Nov 30, 2022
How to Secure Your Linux Server with Fail2Ban Configuration
Fail2Ban is arguably the best software to secure a Linux server and protect it against automated attacks. When enabled, it offers many customizable rules to ban source addresses that may try to gain access to your machine. Fail2Ban works hand in hand with a firewall, so we recommend you to install and enable them as separate security layers.
In this article, we will explain what Fail2Ban is and its use cases. We will also show you how to install and set up Fail2Ban.
What Is Fail2Ban and What Is It Used For?
Fail2Ban is a log-parsing application that protects Linux virtual server host against many security threats, such as dictionary, DoS, DDoS, and brute-force attacks. It works by monitoring system logs for any malicious activity and scanning files for any entries matching identified patterns.
If Fail2Ban detects a spike of failed login attempts, it will automatically add new firewall rules to your iptables and block the source address for a specified time or indefinitely.
Installing Fail2Ban helps server owners mitigate any illegitimate activity automatically. It also alerts them via email whenever an attack is occurring.
How to Install Fail2Ban
To install the Fail2Ban service, connect to your server with root access using an SSH client like Terminal (macOS and Linux) or PuTTY (Windows).
Here’s how to install Fail2Ban on Ubuntu:
- Before installing a new package, we recommend to update the system repository and software. Run the following command:
apt-get update && apt-get upgrade
- Install the Fail2Ban package by running the command below:
apt-get install fail2ban
- If you want to add email support for the Fail2Ban service, insert the following command and press Enter:
apt-get install sendmail
- Verify Fail2Ban status using the following command:
sudo systemctl status fail2ban
Follow these steps to install Fail2Ban on CentOS:
- Fail2Ban for CentOS7 is included in the Extra Packages for Enterprise Linux (EPEL) repository. Download it by running the command below:
sudo yum install epel-release
- Once that is done, install Fail2Ban by inputting the following command and pressing Enter:
sudo yum install fail2ban
- Enable and start the service by running these commands:
sudo systemctl enable fail2ban
sudo systemctl start fail2ban
Here’s how to install Fail2Ban on Debian:
- Update and upgrade your system repository by typing in the command below and pressing Enter:
apt-get update && apt-get upgrade -y
- Proceed with the Fail2Ban installation using the following command:
apt-get install fail2ban
- If you want to add email support, install Sendmail by running this command:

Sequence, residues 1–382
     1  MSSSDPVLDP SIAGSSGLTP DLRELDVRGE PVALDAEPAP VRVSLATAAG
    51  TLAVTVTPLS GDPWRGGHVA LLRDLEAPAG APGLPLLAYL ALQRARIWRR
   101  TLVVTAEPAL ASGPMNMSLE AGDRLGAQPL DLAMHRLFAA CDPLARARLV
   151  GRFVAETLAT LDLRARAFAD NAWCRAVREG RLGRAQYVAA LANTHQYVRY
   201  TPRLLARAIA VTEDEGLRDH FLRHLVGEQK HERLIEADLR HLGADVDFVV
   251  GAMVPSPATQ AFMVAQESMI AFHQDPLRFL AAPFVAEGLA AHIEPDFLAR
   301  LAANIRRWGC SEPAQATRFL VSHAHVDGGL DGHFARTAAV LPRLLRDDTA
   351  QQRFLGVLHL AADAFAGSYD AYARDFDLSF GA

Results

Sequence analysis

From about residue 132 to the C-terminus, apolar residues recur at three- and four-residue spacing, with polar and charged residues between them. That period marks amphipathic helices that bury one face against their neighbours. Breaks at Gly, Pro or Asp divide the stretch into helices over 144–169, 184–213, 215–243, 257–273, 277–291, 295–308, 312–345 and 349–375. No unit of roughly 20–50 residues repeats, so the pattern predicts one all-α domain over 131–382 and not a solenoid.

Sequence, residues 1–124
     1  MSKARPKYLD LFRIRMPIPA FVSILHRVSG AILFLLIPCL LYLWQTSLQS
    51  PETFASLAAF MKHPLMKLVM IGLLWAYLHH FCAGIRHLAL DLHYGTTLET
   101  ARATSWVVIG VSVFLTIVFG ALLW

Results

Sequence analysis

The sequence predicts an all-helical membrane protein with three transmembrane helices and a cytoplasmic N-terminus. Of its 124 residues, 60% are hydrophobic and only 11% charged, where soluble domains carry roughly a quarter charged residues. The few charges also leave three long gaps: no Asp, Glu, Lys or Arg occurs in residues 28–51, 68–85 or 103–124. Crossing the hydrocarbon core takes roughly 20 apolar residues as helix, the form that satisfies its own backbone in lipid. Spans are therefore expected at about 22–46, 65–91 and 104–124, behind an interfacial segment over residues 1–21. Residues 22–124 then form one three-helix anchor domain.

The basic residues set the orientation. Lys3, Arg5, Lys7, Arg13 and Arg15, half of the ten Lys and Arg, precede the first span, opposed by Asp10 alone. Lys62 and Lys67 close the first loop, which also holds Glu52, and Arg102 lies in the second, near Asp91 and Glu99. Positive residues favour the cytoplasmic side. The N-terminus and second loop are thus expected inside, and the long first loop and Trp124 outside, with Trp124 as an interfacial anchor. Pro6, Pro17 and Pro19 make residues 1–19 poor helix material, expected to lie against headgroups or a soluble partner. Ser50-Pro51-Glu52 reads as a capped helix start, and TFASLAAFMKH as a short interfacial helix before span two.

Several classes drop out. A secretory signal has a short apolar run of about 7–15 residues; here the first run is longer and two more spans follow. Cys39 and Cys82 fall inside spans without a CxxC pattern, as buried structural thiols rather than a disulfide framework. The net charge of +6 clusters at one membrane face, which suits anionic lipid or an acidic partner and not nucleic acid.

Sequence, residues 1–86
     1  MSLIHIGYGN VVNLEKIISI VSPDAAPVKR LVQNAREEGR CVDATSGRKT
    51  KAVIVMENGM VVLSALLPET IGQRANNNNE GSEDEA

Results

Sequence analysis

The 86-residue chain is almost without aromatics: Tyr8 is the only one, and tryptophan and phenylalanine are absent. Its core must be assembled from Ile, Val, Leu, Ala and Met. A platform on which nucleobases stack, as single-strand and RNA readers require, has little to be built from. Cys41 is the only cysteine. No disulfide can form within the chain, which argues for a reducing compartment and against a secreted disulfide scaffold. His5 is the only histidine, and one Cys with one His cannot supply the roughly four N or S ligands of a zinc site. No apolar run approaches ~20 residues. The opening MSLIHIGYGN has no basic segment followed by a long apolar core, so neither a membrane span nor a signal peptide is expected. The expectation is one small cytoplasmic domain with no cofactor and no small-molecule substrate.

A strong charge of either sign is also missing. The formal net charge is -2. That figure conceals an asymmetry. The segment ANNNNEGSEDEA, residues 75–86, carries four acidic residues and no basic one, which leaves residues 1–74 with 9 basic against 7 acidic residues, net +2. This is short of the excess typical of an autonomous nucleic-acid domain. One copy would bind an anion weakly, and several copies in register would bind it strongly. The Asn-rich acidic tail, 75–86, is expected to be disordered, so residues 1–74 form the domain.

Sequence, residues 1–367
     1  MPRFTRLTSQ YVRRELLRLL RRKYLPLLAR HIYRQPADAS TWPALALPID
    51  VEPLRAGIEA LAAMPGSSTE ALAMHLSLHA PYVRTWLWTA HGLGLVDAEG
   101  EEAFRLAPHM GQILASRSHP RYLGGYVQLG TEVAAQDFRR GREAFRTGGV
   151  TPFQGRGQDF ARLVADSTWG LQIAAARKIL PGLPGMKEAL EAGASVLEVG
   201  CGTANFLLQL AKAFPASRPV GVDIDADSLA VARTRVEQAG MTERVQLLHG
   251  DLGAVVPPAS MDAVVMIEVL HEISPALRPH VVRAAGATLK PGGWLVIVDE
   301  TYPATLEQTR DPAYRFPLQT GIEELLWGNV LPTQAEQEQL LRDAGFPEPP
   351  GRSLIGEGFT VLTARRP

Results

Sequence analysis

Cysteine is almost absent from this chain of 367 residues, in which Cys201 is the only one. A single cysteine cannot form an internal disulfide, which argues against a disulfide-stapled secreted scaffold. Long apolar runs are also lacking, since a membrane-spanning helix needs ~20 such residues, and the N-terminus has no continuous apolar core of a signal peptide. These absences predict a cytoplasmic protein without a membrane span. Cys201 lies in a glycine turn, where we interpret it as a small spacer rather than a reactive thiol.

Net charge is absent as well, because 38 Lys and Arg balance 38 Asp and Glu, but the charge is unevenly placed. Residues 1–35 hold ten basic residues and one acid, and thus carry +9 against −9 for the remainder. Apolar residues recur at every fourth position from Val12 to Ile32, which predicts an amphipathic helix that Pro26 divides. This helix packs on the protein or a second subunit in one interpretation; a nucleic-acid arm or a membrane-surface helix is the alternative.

apt-get install sendmail-bin sendmail
- Here’s how to check Fail2Ban’s status:
systemctl status fail2ban
Follow these instructions to install Fail2Ban on Fedora:
- Update your system repository by inserting the command below and pressing Enter:
- Install Fail2Ban using this command:
dnf install fail2ban
- If you want to install Sendmail, type in the following command and press Enter:
dnf install sendmail
- Start and enable the Fail2Ban service by running the following commands:
systemctl start fail2ban
systemctl enable fail2ban
- If you’ve added Sendmail, run the following to start and enable it:
systemctl start sendmail
systemctl enable sendmail
How to Set Up Fail2Ban
After installing Fail2Ban, consider configuring it. In this section, we will explore how to do it using the fail2ban.local and jail.local files.
Edit the Default Settings with fail2ban.local (Optional)
The fail2ban.conf file houses Fail2Ban’s basic configuration. It contains the global settings that should not be modified.
If you want to make any changes, we recommend creating a local file. Make a copy of fail2ban.conf and rename it to fail2ban.local to override the default configuration profile.
Here’s how to change the name of the copy and setup the settings on fail2ban.local file:
- Rename the file to fail2ban.local by running the command below. Keep in mind that it will not produce any output:
cp /etc/fail2ban/fail2ban.conf /etc/fail2ban/fail2ban.local
- Type in the following command and press Enter to open the file:
sudo nano /etc/fail2ban/fail2ban.local
- Now you can edit the definitions inside the file.
Let’s go over the options and the values they can take.
loglevel = INFO
Define the log output level as:
- CRITICAL – emergency conditions that should be investigated immediately.
- ERROR – something goes wrong but is not critical.
- WARNING – a potentially harmful condition.
- NOTICE – a normal but significant condition.
- INFO – informational messages that can be ignored.
- DEBUG – debug-level messages.
logtarget = STDERR